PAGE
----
This is my motto for the week. And now, I'll explain.
First off, I must say this: editors are incredible human beings. No, really. They are. I think they should get a special place in heaven. They see things we can't, point it out in a coherent, constructive, concise way, and then teach you how to prevent it from happening again. What you do after that is on your head.
Secondly, I've decided that in order to be a writer, you must truly be a masochist. I mean, how many people do you know want to get beaten senseless, and then actually enjoy the broken bones and bruises? Yeah, thought so. We are an odd bunch.
But the grounds for this post is brought on by one of those fabulous creatures called an editor. Everyone says "show, don't tell", and you may sit, minding your own business, typing away merrily, wondering exactly what that means. You may even think you have a good grasp on the concept. I thought I did. Lesson learned: never assume you know anything. Ever. And certainly don't over-use lame adjectives like "familiar", which I have done.
When you use a word like that, particularly in your first chapter when readers don't know anything about your MC or setting, familiar means nothing. Familiar to what? And why should you care? This is a wasted opportunity. If I tell you a door is familiar, that's it. I've told you. You have no emotional tie to that door or understanding of that memory what-so-ever. It can't possibly be familiar to you. But if I tell you that the gargoyle knocker on the door hangs lower than I remember, and I never liked how its iron eyes follow me everywhere, you've suddenly experienced it yourself. It is now familiar to you, because I've shown you how it's familiar. If I tell you someone has a soft, familiar voice, again, I've just told you. But what's familiar about it? How does it make the MC feel? Does it elicit any memories? By noting the elements that are familiar and the effect it has on the MC and/or supporting cast, the reader is suddenly able to relate and make that observation their own.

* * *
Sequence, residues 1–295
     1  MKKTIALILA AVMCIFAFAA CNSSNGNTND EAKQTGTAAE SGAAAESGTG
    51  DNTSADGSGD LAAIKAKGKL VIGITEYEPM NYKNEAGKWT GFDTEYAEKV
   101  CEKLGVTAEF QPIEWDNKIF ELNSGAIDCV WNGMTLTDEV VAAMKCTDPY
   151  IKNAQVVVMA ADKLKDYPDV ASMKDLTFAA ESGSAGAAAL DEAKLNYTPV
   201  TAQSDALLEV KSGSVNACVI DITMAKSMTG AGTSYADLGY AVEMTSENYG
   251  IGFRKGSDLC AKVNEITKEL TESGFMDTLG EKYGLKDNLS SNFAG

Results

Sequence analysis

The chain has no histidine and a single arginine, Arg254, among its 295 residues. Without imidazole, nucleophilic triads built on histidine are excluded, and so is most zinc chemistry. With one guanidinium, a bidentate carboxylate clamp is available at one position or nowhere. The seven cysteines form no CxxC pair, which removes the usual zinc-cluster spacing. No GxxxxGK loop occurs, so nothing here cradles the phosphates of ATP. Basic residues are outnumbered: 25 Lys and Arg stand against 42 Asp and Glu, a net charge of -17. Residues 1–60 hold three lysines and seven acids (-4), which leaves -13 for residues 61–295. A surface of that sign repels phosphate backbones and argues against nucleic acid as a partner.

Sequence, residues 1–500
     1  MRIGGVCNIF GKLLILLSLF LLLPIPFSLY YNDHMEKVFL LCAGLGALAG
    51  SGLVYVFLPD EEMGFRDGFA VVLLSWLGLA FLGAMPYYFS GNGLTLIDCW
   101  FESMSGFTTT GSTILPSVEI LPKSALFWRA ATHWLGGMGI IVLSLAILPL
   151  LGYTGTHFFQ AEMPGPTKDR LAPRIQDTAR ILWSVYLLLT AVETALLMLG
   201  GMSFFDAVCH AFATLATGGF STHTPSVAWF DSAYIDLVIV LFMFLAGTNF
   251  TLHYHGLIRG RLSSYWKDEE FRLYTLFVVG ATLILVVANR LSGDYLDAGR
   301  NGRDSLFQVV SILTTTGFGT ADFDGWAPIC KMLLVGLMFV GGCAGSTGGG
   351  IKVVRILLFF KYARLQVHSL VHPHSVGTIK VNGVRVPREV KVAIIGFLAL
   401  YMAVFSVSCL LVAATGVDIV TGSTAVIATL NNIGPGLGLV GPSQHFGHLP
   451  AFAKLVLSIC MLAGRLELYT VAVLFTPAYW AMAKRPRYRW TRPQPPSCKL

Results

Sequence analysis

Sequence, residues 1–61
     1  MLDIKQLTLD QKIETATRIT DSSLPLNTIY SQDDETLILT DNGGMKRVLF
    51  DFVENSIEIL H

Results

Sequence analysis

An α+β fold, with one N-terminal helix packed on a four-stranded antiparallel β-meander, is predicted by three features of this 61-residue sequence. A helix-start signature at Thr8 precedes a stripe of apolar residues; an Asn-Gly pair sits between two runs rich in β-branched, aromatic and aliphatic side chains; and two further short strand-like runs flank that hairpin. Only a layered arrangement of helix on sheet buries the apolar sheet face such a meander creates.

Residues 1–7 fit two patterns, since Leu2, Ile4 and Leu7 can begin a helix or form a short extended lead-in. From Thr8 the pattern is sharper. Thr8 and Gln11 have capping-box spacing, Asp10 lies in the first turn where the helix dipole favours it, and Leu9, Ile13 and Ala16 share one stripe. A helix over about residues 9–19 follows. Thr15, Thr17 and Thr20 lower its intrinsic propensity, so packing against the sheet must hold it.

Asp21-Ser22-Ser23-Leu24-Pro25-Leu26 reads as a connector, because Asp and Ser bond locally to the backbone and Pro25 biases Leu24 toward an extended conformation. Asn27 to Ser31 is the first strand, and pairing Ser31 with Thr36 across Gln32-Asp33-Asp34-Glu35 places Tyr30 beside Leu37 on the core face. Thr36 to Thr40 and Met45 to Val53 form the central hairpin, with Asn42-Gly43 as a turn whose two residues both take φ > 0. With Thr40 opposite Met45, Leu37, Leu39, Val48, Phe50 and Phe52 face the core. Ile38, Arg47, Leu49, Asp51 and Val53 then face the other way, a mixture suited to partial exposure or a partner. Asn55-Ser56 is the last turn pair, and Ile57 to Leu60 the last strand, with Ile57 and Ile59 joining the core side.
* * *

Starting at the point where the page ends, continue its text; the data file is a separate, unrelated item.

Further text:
Now, these are just a couple examples, but I feel that every example helps. Even though we hear the concept of "show, don't tell" all the time, it is still important to remember how valuable of a tool it is. It's how we pull readers into our story. It's how we make them care about our MC, understand who he/she is, and believe that he/she is real. It's how we make them have no choice but to follow our hero/heroine into the next chapter, and every subsequent chapter. And it all starts with something so simple, yet so difficult to master. Little words like "familiar" aren't always lame words to use, but they can be wasted opportunities to develop your characters and the setting around them.
How do some of you battle out the "show, don't tell" problems?